Dominion Diamond Mines to restart Ekati in December

Ekati diamond mine. (Image courtesy of Dominion Diamond Mines).

Dominion Diamond Mines, the company that owns a controlling interest in the Ekati mine in Canada’s Northwest Territories, announced that some 60 employees will be called back to the operation for an anticipated restart.

Work at Ekati was suspended in mid-March due to the covid-19 pandemic and over 300 employees were placed on furlough. The restart, with a reduced workforce and increased health and safety measures, is expected for early December 2020.

Dominion has said that after a complete halt to its diamond sales, which caused them to lose about $180 million back in April, gem sales have slowly picked up again.

The company’s creditor protection -into which it entered shortly after placing Ekati on care and maintenance- was due to expire in early November but has been extended to December 15, 2020.

The restart with a reduced workforce and increased health and safety measures is expected for early December 2020

“Dominion has been informed by the banks that comprise its senior secured lenders and an ad hoc group of holders of Dominion’s second-lien notes that they expect to be able to reach a binding agreement in the near future to restructure Dominion’s debt and fund the company,” a media statement issued this weekend reads. “In anticipation of the parties reaching such an agreement, Dominion has determined to recall these employees given necessary lead times required to mobilize the workforce while adequately complying with covid-19 isolation protocols.”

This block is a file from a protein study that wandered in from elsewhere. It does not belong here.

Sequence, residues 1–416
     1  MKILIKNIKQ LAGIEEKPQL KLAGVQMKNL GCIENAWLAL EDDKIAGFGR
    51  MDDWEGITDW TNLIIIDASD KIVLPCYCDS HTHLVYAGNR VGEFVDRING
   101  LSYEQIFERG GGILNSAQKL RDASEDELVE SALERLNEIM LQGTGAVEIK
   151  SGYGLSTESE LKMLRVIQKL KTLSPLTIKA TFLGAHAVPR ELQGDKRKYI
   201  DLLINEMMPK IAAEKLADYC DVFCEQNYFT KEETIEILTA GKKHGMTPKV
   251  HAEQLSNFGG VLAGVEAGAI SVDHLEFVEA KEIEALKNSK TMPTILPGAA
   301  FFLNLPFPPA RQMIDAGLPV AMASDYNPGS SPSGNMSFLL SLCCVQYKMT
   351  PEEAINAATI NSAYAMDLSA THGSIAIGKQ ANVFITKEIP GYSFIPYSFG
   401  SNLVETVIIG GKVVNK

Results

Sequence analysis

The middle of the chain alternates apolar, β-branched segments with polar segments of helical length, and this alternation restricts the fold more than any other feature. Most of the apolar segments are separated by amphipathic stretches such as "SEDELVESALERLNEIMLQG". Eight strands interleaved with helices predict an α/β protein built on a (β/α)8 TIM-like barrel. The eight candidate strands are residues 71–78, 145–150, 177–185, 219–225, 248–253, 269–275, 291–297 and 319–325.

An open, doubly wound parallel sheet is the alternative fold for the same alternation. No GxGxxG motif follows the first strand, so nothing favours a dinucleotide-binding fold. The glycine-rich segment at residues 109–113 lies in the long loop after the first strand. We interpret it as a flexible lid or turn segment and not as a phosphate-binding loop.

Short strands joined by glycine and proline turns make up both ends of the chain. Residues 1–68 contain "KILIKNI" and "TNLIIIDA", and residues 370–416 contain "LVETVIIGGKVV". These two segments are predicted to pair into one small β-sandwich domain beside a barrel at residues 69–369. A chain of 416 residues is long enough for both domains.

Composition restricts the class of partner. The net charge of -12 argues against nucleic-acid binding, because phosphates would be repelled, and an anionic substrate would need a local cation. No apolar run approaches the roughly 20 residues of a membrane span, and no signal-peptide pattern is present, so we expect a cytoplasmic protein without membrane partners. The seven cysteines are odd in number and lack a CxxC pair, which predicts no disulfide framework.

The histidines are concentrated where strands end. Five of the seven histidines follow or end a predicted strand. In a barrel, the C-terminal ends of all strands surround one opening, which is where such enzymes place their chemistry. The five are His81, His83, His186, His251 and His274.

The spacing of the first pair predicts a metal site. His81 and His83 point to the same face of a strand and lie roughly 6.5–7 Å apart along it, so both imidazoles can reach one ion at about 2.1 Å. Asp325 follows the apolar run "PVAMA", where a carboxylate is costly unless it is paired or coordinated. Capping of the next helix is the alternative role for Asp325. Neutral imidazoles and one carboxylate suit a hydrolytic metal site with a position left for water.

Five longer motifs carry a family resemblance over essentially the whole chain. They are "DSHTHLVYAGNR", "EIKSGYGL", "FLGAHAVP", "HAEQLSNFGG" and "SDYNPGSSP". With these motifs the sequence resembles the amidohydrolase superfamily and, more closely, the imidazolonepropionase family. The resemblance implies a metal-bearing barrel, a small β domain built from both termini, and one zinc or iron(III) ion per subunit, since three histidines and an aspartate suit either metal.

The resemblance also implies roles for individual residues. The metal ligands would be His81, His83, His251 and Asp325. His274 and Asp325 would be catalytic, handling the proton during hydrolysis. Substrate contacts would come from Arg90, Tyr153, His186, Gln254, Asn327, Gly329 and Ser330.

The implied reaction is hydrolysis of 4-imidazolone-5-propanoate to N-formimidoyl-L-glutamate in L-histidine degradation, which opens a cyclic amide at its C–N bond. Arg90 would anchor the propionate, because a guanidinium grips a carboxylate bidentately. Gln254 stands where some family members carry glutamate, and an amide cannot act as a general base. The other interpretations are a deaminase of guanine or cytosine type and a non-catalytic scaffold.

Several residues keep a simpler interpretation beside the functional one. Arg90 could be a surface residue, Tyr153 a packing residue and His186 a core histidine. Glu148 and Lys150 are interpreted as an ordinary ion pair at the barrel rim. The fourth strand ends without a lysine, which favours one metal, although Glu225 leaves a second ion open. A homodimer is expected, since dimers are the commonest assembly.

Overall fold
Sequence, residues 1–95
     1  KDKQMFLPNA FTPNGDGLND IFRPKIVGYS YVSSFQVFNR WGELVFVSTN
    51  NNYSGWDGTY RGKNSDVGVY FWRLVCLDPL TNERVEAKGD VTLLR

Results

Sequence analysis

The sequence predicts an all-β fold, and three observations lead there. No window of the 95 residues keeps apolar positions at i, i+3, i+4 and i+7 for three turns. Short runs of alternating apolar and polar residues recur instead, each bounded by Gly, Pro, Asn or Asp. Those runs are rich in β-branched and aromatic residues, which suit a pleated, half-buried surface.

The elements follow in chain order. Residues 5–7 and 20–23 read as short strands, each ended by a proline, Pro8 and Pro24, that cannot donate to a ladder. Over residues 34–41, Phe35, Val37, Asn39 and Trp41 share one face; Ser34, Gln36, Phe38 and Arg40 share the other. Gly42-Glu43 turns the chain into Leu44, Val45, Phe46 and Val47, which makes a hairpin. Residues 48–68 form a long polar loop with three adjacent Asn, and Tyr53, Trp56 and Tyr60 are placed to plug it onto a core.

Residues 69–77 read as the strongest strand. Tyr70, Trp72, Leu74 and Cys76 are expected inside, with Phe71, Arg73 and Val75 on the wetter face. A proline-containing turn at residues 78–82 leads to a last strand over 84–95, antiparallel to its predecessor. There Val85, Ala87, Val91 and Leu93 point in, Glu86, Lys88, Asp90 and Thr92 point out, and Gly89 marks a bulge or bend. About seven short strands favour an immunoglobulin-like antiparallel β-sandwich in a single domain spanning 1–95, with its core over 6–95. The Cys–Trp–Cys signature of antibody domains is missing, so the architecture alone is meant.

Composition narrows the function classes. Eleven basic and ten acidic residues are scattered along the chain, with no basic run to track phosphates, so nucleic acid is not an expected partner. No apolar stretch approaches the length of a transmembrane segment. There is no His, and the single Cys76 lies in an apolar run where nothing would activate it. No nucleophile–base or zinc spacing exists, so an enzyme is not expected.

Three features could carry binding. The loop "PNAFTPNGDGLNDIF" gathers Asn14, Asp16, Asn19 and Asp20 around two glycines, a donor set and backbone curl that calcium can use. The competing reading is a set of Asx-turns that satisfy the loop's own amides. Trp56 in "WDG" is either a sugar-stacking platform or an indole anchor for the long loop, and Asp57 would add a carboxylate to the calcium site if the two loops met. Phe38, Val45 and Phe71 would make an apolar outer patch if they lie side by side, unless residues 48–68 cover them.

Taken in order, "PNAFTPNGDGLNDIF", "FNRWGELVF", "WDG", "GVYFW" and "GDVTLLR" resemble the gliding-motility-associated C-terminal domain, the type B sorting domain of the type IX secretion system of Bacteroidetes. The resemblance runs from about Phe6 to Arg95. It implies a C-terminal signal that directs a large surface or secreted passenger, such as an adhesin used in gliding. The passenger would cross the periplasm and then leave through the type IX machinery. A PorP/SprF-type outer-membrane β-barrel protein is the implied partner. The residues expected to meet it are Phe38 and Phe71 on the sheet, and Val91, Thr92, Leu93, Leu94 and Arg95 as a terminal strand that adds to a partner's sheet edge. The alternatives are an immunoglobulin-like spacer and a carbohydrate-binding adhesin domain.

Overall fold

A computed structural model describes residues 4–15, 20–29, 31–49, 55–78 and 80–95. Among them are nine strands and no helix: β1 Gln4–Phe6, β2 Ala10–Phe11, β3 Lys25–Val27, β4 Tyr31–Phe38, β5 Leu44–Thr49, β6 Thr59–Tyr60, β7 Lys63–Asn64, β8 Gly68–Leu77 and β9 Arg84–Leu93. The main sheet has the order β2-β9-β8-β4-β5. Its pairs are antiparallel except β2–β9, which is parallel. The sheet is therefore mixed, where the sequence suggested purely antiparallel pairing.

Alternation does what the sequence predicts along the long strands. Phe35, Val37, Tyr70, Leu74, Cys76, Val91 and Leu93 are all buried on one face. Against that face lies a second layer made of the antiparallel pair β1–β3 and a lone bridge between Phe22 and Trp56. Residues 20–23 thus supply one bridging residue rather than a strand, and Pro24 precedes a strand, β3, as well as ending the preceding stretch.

Even though there is a bit more clarity as to what the near future holds for Ekati, what is going to be of the mine later down the road is still uncertain. 

Last month, a deal to sell the operation to a subsidiary owned by Dominion’s parent company, The Washington Companies, fell apart.

Back on October 9, three insurance companies – Aviva Insurance Company of Canada, Argonaut Insurance and Zurich Insurance – reached “an impasse” in negotiations with the purchaser, and stated, “there is no reasonable prospect of reaching a satisfactory agreement among them.”

Altogether, the three insurers have issued about C$280 million in surety bonds to the government of the Northwest Territories that were intended to guarantee that the diamond mine could be closed safely and reclaimed once the mine closes permanently.

The sale was subject to a condition that the insurance companies and the purchaser reached an agreement on the treatment of the existing surety bonds.

Dominion Diamond Mines is one of the world’s largest producers and suppliers of premium rough diamonds. The company owns a controlling interest in the Ekati diamond mine, which it operates, and 40% of the Diavik diamond mine. It also holds a controlling interest in the Lac de Gras diamond project. 

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